By Daniel Hunter
The UK construction industry has seen a rise of nearly 1.9% in new building project starts in the three months to May, led by growth in the private housing sector, according to fresh figures from construction industry analysts Glenigan.
The value of private housing projects starting on site is up 15.2% compared with the same period in 2012, while both infrastructure and utilities projects continued the strong growth seen in April with year-on-year increases of over 30% in the value of new work starting on site.
The monthly Glenigan Index is based on extensive research of every construction project started in the UK over the previous three-month period and provides an indicator of developing activity in the industry.
The 1.9% increase in underlying project starts this month comes as the turnaround in civil engineering projects seen in April maintained momentum in May, with a UK-wide 31.3% year-on-year increase in infrastructure work starts and a 31.2% increase in utilities starts.
"The improvement in the weather seen during April and May has allowed projects placed on hold in the first quarter to get underway," Glenigan economist Andrew Whiffin commented. "The large amount of road refurbishment projects that started in the last month is testament to this."
Gains in private housing starts valued at under £100m were focused in London and the South East in the past month, but increased activity in Yorkshire and the South West in April also boosted the index. Starts on several private housing projects worth over £100m will give Minister of State for Housing Mark Prisk further cause for positivity.
"In addition to the strength of underlying private housing starts, we have also seen a number of larger housing developments start on site that are excluded from the index," Mr Whiffin said.
"In May alone there were several such schemes that started, the largest of which is valued at £180m — a development in Brentford that will be offering properties eligible for Help to Buy assistance in a sign that the Government scheme is helping to boost construction activity in the sector."
Mr Prisk, who has led the Government's Help to Buy and NewBuy schemes to aid aspiring homeowners, is due to attend a briefing with Glenigan representatives today to discuss the latest figures and industry developments.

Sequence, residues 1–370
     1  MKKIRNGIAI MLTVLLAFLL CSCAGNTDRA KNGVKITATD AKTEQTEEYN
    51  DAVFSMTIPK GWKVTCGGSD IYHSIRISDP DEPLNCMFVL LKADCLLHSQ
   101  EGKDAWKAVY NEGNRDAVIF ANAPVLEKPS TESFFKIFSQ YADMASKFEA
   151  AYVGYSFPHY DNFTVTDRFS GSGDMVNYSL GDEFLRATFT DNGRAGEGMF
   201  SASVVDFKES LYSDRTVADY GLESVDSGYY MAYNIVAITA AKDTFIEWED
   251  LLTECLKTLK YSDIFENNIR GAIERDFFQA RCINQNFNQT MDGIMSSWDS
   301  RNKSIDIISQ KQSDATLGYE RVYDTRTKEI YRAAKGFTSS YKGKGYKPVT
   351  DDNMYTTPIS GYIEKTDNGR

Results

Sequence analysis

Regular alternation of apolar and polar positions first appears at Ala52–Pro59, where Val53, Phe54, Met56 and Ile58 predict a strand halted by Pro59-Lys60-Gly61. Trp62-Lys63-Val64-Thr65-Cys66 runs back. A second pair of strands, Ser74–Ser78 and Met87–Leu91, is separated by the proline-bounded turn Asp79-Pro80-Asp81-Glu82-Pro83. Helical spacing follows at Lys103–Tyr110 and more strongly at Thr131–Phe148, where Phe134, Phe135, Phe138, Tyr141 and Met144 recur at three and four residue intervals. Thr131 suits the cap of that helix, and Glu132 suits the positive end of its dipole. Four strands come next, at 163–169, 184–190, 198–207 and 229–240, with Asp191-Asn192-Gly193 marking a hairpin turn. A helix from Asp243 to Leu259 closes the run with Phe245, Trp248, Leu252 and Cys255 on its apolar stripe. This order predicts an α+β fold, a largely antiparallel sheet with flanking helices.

Despite the strength in certain construction areas, many sectors saw declines in the value of new projects beginning, which kept overall year-on-year growth for the quarter to May at just 1.9%.
Industrial and retail starts have suffered in 2013 and little deviation from this trend is yet apparent. New projects in these sectors were down by 36.4% and 9.5% respectively compared to the figures for May 2012.
Both areas experienced relative booms last year and now appear to be in a period of consolidation, the Glenigan Index suggests.
"Industrial starts this year have fallen as a result of fewer warehousing and distribution projects starting on site compared to 2012," Mr Whiffin explained.
"The sector has become increasingly tied to the prospects of consumers who have a growing preference for home delivery and collection, which saw demand for these types of industrial properties boosted last year. This reflects a shift in consumer preferences rather than a period of sustained growth for the sector."
While starts on hotel construction ventures increased by 50.2%, there were year-on-year falls of 37.5% on healthcare projects and 10.7% for education projects.
The biggest increases in the value of activity started were seen in London (33.3%) and Northern Ireland (29.1%) but these were in contrast to falls of 28.4% in the South East and 26.4% in Scotland. Yorkshire and the Humber saw continued growth in construction starts, enjoying a 17.4% rise on last year's figures for May.
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